Controversy Surrounds Uber’s Ties to Saudi Arabia

Jul 20th, 2016 | By | Category: Weekly Washington Updates

Last month Uber announced the company’s latest investor- Saudi Arabia. Through Saudi Arabia’s Public Investment Fund, Uber received its largest investment fund from a single investor, which totaled $3.5 billion. This investment is part of the company’s plan to further expand into areas in the Middle East, where Uber plans to invest $250 million. One of the biggest controversies behind the investment is Saudi Arabia remains the only country in the world where women are not allowed to drive. While there is technically no law that prohibits women to drive in Saudi Arabia, the powerful influence of conservative Muslim clerics upholds strict gender segregation.saudi-driving_2747527b

Protests on Twitter broke out shortly after the deal was announced, with the hashtag “Saudi women announce Uber boycott.” Many women voiced their frustrations, stating that Uber was treating Saudi women like “cash cows” and were profiting from women’s lack of rights in the country. Uber spokeswoman, Jill Hazelbaker, commented on the controversy saying “Of course we think women should be allowed to drive. In the absence of that, we have been able to provide extraordinary mobility that didn’t exist before- and we’re incredibly proud of that.” However, Uber has made no public statement announcing whether the company planned to hire female drivers.

According to the Washington Post: “Uber, of course, does not deliberately restrict female drivers. At the end of 2015, the company said that only 19 percent of the drivers using the app were women but that it was actively trying to increase that percentage. The Saudi government will now be given a direct say in Uber’s decision making process — PIF was given a seat on the board as part of the deal — but a representative of Uber said that the investment would definitely not limit women drivers on the app in the United States or other countries where women are allowed to drive.”

What complicates the issue, is that Uber already plays a major role in gender roles in the country. While 80% of Uber’s passengers in Saudi Arabia are female, the drivers are males. Male Uber drivers and female riders causes problems because according to Islamic traditions, women aren’t allowed to be alone with an unfamiliar male. While members of the royal family in Saudi Arabia have spoken out in support of women gaining the right to drive, there is major backlash coming from power religious communities in the country.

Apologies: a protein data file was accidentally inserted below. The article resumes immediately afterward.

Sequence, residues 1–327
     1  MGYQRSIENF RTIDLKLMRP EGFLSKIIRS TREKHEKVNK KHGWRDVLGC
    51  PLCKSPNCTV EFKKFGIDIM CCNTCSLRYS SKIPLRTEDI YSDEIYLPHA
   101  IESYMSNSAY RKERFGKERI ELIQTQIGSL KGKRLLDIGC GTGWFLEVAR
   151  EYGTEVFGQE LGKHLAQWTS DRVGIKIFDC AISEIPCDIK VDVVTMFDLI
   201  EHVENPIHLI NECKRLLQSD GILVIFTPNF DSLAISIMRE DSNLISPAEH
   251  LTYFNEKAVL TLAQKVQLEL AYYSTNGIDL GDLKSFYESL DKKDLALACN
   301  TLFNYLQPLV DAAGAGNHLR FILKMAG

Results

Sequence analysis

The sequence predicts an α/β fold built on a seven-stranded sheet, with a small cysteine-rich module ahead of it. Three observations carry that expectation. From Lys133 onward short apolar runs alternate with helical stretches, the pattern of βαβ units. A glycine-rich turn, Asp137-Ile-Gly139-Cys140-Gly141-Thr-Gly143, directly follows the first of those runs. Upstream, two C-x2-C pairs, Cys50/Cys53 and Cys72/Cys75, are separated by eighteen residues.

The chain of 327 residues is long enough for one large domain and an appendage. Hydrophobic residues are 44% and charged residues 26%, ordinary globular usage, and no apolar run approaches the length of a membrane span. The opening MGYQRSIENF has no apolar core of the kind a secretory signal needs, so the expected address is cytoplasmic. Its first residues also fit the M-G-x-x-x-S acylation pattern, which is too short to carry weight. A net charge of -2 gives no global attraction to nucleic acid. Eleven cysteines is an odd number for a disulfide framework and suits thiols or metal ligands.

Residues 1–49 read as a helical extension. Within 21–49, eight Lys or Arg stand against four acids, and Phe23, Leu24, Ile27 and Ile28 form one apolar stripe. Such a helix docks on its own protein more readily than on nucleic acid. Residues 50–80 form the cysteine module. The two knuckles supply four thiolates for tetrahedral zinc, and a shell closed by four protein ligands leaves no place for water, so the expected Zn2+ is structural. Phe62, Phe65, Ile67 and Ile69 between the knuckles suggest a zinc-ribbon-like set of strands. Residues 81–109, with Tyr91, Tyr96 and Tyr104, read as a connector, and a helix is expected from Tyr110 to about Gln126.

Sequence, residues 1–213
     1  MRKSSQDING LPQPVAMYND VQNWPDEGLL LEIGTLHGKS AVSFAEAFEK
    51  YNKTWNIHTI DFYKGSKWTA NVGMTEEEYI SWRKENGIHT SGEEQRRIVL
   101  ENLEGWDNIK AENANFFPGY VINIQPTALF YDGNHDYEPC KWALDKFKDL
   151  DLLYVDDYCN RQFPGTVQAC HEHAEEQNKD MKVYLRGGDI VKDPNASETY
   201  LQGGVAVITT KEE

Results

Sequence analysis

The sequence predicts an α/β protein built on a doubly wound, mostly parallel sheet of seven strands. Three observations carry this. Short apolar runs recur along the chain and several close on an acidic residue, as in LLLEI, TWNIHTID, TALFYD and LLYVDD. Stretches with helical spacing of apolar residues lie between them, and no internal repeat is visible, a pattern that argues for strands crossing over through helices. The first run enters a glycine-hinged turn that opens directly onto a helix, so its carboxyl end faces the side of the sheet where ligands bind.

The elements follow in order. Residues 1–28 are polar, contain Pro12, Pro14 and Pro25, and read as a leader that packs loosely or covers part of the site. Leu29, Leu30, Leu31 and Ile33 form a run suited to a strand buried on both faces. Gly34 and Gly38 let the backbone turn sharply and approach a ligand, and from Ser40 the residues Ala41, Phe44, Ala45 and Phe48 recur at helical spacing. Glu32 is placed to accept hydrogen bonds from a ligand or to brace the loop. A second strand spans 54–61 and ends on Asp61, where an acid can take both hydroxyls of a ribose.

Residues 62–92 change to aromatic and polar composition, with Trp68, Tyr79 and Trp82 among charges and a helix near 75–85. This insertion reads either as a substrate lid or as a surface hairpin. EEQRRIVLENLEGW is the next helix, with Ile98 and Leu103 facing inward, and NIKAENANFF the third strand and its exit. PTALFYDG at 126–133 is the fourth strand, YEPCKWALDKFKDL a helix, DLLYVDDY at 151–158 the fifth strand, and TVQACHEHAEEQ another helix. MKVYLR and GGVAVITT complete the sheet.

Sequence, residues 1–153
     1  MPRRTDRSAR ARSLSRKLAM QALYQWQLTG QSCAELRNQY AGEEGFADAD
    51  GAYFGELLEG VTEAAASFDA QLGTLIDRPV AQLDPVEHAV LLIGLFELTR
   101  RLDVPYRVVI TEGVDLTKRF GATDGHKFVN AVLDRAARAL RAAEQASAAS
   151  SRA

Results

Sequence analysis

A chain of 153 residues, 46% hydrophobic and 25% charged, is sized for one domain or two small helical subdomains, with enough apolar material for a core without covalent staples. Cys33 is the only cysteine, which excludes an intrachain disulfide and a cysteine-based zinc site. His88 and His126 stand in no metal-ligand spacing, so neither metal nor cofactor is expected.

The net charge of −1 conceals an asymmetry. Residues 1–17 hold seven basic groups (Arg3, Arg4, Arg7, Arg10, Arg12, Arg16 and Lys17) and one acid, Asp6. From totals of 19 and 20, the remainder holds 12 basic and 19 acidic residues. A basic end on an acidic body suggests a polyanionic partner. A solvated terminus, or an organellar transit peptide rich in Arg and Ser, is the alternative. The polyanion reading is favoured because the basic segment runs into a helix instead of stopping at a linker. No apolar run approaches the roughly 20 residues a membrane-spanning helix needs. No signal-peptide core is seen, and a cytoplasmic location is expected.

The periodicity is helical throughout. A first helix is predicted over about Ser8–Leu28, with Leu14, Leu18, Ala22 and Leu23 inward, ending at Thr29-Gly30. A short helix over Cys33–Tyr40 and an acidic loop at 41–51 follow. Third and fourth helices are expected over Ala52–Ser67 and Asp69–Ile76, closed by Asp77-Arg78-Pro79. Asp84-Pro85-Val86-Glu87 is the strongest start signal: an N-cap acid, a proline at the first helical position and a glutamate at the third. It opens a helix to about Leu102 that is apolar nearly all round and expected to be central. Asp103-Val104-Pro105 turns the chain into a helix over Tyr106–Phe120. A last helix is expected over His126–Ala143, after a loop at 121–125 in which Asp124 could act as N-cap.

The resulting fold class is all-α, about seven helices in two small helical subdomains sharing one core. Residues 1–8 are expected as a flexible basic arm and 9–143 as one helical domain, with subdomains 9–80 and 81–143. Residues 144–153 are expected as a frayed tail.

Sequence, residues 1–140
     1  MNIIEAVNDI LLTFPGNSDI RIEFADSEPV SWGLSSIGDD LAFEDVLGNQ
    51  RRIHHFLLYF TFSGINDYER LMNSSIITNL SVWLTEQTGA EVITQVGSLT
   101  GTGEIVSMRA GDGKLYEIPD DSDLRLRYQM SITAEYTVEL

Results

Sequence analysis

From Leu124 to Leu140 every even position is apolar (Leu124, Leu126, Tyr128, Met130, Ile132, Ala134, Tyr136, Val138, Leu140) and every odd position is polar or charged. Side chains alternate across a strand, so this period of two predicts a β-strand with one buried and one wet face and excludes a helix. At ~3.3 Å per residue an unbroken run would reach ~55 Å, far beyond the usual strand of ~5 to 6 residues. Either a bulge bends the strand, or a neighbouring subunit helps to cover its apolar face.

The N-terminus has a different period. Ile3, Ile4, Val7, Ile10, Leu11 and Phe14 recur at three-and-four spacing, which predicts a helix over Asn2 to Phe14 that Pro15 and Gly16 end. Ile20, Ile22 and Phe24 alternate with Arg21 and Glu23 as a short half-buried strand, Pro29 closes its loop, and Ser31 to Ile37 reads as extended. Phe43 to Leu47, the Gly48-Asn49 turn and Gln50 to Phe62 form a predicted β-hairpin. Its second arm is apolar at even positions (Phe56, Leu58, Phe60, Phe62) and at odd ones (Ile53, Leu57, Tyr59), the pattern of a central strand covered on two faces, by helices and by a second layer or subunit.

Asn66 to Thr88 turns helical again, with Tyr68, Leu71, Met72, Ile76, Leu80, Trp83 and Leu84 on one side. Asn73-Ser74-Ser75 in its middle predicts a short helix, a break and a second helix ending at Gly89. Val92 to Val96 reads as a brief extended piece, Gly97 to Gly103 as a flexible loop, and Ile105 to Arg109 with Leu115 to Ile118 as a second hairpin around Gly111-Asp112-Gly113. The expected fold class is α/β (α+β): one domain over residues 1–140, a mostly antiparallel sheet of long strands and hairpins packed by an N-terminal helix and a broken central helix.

Despite the doubt shadowing the deal, people are speaking out in support of Uber’s decision, hopeful that it will bring social change to a country in need of it. Kellie McElhaney, a Professor at Berkeley-Haas School of Business, believes this is an “opportunity for the company to influence and accelerate social development” and that “giving women this flexibility and mobility is going to be on the path to give women more freedom.” While Uber has the ability to offer women more mobility, this is only a feasible option for women who can afford, especially if women are using the service multiple times in one day.

Saudi activist and writer Hala al-Dosari told Fast Company that the problem lies in the fact that both Uber and the Saudi government are directly profiting on a woman’s restriction to drive and believes women shouldn’t be “obliged to use that service.” al-Dosari points out “They are so eager to have an investment in their own company, even if it means doing deals with people who are violating the basic principle of equity and fairness.”

While this deal does have the potential to bring about social change in Saudi Arabia, this will only happen if Uber uses their close relationship with the Saudi government to continue and strengthen the conversation about these social issues.

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